Subpar Submarine Stuff – ★★½
Kevin MacDonald’s Black Sea is a sea thriller (not sure this is a genre) about a crew of disgruntled former submarine men who set sail in search of gold. Or more specifically Nazi gold, which is lying in a sunken U-Boat at the bottom of an ocean, which a dodgy business-man sends them to retrieve.
The seafarers are headed up by Jude Law as Robinson, with Scoot McNairy, Ben Mendelsohn, Michael Smiley, David Threlfall (Frank from “Shameless”) and A Most Wanted Man stand-out Grigoriy Dobrygin the most notable names in a big crew made up of stereo-typed Anglophones and Russians. They all have their own speciality and skills, but despite this reliance on each other, these are all grown men who have spent a large part of their adult lives in a tin can, so their inter-personal skills are lacking, meaning tensions run high from the off.
MacDonald’s direction initially appears as tense, gritty and absorbing as you would hope for from the director of Touching the Void, but the energy soon wanes. Unfortunately Dennis Kelly’s script which has some serious pacing issues. The film clocks in at just under two hours and it could, and should, have been a much neater 90-minute story. Despite the rather ridiculous premise, the whole film is actually quite believable at the start and will bring audiences on-board, but it’s let down by a desire for indulging cliched character-types and the push for a big Hollywood ending.
Later this month Jack O’Connell will cap a fantastic year with a part in Unbroken. Bobby Schofield (who plays rookie crew-member Tobin) is also a new, young British actor with a regional – read “not-London” accent – but is worlds away from O’Connell. Schofield is incredibly moany and annoying here, and appears completely out of his depth amongst the better acting talent around him. It’s his major feature debut so no point being too hard on him, but lets hope his next roles are a little more suited to his abilities.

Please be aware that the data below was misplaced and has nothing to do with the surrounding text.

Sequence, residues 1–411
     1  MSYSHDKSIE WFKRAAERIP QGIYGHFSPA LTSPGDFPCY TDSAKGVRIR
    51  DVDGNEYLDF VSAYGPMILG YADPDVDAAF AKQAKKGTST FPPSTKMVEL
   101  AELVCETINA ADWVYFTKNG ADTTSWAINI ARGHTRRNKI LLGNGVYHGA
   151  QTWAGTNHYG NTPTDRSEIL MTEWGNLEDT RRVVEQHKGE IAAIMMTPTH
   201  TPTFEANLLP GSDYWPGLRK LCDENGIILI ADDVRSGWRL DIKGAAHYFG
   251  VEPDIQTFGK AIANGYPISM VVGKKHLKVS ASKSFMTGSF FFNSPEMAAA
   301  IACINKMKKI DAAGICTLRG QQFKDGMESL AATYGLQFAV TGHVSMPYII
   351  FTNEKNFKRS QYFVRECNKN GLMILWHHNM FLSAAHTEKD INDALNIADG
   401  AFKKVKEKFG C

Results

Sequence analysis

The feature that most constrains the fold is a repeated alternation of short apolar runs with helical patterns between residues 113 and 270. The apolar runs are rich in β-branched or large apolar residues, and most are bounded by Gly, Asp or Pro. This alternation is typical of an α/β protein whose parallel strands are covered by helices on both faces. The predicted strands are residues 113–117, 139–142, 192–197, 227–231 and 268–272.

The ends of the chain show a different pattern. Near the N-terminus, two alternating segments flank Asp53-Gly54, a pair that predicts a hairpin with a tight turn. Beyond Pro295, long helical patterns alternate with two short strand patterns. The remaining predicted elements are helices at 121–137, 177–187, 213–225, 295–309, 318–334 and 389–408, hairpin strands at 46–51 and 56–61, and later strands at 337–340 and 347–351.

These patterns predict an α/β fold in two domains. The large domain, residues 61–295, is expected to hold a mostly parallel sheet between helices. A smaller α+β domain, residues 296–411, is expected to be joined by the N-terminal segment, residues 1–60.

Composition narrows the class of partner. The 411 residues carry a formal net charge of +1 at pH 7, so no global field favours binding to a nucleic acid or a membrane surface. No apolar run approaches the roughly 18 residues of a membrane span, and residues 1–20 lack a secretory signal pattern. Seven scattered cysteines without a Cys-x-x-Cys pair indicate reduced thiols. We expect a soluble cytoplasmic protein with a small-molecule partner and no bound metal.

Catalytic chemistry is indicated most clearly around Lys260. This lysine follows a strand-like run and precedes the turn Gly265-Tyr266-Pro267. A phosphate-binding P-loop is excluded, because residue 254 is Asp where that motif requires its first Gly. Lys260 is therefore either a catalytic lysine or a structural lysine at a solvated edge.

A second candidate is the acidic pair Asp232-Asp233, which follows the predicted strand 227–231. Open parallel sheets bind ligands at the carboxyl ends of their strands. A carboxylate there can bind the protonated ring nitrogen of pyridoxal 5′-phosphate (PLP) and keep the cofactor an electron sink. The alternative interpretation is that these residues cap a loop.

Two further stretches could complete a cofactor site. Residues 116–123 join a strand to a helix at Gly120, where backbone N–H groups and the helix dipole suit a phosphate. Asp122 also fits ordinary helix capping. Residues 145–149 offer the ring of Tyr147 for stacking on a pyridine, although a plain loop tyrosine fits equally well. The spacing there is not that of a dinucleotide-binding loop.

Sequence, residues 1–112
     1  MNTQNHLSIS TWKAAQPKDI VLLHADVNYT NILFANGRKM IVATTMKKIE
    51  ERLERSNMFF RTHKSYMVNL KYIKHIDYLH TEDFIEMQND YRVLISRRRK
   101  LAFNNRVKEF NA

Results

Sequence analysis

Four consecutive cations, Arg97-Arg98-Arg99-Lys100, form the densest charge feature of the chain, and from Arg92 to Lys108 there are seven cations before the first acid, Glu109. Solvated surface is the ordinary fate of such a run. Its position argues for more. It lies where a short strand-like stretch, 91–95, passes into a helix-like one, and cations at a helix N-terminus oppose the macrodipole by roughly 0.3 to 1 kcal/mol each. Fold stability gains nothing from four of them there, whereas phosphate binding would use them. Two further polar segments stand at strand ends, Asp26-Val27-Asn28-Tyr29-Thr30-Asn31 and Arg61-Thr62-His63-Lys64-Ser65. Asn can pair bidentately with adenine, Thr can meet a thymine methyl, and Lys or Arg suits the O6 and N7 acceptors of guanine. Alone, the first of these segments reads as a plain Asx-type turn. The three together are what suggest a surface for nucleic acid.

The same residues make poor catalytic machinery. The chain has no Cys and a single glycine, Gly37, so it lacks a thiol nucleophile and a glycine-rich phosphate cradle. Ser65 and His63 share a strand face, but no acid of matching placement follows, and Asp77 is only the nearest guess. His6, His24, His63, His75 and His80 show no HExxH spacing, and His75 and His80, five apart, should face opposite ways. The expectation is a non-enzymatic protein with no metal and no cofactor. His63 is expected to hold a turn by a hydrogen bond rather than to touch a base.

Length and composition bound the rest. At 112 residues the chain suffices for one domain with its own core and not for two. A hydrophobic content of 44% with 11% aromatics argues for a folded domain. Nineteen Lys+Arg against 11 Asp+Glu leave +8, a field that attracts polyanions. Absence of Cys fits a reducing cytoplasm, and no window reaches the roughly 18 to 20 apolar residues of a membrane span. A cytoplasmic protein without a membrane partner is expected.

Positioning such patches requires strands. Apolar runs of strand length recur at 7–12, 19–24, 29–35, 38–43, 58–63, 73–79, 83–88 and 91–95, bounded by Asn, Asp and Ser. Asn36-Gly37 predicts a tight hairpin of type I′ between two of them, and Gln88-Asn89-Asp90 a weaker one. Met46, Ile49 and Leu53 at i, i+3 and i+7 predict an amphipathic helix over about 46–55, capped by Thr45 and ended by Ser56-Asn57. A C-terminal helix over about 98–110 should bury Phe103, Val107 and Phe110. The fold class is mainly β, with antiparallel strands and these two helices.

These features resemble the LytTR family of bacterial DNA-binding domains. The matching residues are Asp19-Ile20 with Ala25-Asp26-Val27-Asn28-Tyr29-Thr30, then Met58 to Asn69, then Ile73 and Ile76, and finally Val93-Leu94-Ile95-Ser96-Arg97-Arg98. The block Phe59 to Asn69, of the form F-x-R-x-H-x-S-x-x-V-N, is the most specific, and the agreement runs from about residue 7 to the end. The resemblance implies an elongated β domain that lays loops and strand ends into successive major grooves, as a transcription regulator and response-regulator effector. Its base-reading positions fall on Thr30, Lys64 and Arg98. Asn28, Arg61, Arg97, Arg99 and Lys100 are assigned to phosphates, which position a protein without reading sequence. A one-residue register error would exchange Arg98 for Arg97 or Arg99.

Black Sea would probably play fine as a late-night TV movie but seems to be treading water a little when seen on the big screen.
Released in Irish cinemas on December 5th 2014
Latest posts by Nigel (see all)
- Pod #79 – Steve McQueen’s ‘Widows’, plus Bohemian Rhapsody, Mandy, Rosie & more - November 9, 2018
- Pod #78 – We watch ‘The Crying Game’, 1992’s most shocking film and legendary piece of Irish cinema - October 8, 2018
- Pod #77 – The ‘BlackKklansman’ and ‘Airplane!’ connection, American Animals, Searching, Lucky & more - August 29, 2018
- Pod #76 – What’s coming to Galway Film Fleadh 2018? And what’s in the cinema for when the World Cup is finished? - July 11, 2018